The New Gallery

About
Clouds & Water Gallery and Visual Production Society, est. 1975, is a pioneering not-for-profit centre for contemporary art in Calgary. Today, this society continues its vision through the operation of two venues, The New Gallery (TNG) and John Snow House (JSH). These spaces enable us to promote a public engagement with contemporary art by supporting the research, creation, exhibition, and proliferation of critically challenging, conceptually informed, and forward looking work by artists at all junctures of their careers. Our programming comprises a broad range of art activities, community collaborations, open discussions, and educational initiatives that serve to invigorate our audience’s experience of contemporary art and culture. TNG hosts 14 peer-juried exhibitions between the main gallery and satellite spaces annually, while JSH is a historical home that offers an urban live-in residency, resource centre, letterpress and studio facilities, and the opportunity for collaborative programming with other cultural facilitators.

Vision
To provide opportunities and venues for artists that foster social, political, and critical creative practices, while engaging and educating our local, national, and international communities on contemporary art.

A Brief History of The New Gallery

The Clouds & Water Gallery and Visual Production Society opened its doors on March 15, 1975. One of the first artist-run centres to be established in Canada, it immediately provided a compelling alternative to mainstream culture in Calgary. In addition to gallery exhibition programming, the Society operated the Sancious Coffeehouse, where live presentations of experimental performance art (spoken word, experimental dance, theatre and music) took place. This marked the beginning of the Society's consistent support of time-based and performative arts.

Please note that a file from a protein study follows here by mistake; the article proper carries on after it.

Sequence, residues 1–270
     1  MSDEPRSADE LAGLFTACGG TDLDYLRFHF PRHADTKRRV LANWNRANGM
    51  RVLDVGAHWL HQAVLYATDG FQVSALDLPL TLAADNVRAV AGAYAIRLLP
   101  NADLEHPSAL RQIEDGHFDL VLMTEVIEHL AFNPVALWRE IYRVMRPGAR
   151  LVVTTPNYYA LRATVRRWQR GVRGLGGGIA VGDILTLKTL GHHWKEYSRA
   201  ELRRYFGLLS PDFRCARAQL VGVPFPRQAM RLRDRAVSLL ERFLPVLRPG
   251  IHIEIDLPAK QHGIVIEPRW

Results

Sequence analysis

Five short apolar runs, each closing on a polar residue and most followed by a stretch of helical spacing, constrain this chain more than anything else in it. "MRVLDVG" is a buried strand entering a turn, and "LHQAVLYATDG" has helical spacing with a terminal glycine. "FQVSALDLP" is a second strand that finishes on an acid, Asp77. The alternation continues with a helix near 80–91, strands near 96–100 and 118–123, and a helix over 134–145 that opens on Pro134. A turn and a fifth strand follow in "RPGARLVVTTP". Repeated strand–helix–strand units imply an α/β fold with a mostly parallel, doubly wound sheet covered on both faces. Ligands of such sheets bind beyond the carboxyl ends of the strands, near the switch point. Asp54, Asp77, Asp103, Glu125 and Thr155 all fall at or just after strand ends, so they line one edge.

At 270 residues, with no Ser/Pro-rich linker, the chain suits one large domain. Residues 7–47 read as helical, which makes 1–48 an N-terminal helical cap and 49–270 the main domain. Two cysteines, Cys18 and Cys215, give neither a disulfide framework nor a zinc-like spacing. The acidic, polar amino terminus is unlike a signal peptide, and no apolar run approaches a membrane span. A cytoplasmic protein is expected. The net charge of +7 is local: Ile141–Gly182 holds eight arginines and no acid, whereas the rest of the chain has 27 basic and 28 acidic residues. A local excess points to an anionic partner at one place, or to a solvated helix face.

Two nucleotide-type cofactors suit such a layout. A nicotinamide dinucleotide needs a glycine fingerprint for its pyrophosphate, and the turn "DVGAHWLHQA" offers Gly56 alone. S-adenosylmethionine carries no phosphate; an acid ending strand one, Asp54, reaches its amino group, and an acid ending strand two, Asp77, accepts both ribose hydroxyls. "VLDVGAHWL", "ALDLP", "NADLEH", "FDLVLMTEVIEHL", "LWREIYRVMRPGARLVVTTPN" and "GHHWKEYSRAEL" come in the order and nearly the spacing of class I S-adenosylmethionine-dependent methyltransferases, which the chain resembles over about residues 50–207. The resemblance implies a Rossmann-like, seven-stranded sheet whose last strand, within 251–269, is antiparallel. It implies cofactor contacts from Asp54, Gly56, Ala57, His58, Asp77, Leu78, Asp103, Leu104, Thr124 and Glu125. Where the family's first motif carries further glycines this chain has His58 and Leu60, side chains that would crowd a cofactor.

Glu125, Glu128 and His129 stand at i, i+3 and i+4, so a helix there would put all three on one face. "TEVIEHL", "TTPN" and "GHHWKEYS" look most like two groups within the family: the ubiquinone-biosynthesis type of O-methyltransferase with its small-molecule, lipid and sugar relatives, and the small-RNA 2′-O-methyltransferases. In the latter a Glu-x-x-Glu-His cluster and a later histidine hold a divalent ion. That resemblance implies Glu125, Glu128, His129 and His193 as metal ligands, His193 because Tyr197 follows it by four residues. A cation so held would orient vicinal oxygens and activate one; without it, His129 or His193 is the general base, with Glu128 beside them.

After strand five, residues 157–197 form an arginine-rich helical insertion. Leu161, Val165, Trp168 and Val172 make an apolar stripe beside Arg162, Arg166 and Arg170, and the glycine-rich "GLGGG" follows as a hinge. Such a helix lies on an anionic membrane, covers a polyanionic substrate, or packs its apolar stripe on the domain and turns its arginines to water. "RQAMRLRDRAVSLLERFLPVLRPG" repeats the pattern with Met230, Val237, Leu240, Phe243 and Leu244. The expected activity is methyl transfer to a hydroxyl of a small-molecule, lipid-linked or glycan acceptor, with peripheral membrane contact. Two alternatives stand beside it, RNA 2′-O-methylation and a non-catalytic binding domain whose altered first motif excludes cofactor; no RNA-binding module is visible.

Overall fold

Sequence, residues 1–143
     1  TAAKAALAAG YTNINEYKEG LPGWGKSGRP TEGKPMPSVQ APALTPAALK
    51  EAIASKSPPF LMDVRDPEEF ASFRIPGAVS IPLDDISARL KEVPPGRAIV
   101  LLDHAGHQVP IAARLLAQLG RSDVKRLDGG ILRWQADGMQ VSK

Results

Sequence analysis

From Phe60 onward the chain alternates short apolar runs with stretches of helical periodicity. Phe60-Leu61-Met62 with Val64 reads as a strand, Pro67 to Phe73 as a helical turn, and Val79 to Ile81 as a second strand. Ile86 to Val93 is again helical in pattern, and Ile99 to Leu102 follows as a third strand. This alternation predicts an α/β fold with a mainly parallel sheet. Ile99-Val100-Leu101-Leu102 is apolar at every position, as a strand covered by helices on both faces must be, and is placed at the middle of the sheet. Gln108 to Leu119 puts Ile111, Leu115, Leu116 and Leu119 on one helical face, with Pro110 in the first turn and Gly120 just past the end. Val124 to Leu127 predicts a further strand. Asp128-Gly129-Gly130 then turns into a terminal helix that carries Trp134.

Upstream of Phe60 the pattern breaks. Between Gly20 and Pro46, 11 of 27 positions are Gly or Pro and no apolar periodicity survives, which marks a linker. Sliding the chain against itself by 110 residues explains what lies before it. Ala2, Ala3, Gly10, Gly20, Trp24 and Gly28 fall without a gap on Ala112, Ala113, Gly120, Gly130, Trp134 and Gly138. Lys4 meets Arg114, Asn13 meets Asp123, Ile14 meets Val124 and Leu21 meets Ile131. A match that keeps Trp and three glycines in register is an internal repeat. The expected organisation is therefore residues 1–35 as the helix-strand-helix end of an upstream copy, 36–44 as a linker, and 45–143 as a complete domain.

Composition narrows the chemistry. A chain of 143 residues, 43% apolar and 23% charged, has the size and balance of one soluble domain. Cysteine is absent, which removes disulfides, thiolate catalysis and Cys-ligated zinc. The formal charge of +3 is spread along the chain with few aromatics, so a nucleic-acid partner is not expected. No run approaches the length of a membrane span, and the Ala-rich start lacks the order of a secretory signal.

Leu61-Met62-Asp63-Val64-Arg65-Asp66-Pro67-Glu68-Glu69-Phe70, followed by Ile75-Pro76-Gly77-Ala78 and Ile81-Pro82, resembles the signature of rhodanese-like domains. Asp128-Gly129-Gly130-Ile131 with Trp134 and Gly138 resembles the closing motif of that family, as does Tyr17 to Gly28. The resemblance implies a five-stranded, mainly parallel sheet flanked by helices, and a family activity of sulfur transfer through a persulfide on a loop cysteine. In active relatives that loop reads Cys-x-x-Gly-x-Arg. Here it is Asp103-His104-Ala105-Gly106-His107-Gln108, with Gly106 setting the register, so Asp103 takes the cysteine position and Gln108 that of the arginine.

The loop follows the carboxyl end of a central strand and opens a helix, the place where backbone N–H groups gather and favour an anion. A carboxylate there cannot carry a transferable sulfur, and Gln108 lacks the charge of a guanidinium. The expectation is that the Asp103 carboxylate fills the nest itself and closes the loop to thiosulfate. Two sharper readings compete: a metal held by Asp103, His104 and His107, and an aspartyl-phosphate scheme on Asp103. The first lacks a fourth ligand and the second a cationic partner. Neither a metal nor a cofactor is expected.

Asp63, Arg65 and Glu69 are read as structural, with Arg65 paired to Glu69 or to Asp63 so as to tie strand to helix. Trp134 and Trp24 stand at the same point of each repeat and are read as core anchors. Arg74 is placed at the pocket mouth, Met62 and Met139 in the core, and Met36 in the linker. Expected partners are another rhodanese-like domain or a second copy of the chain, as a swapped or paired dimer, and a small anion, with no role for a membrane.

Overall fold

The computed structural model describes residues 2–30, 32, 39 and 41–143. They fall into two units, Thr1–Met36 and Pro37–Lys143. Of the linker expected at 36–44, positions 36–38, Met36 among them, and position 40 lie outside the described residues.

In 1980 the Society moved into a new downtown location and was renamed the OFF CENTRE CENTRE. Collaboration and interactivity were encouraged through events such as the International Mail Art Symposium (1986) and Media Blitz I and II (in 1988 and 1989). Media Blitz were ten day long festivals of experimental film, video and performance art by local artists, produced in conjunction with several other Calgary arts groups.

As a cultural incubator, OFF CENTRE CENTRE fostered the development of several community-based, artist-run organizations over the years: Centre Art Video (now operating as the EMMEDIA Gallery & Production Society), theatre arts company One Yellow Rabbit and alternative broadcaster RADIO/RADIO, among others. Its members also played a significant formative role in the organization of ANNPAC (Association of National Non-Profit Artist-run Centres).

In 1987, fire destroyed parts of the building occupied by the OCC on the Stephen Avenue Mall and the Society was on the move again. It soon reopened as The New Gallery, in a space shared with the Paul Kuhn and Stride Galleries. In the course of an ongoing review of the value and responsibilities of artist-run centres, TNG recognized that many artists in the local community had traditionally felt excluded from the organization. In 1992 TNG partnered with Minquon Panchayat, a national coalition supporting artists of colour, to raise awareness around issues of race and gender, and to actively address these issues in the context of regular TNG programming.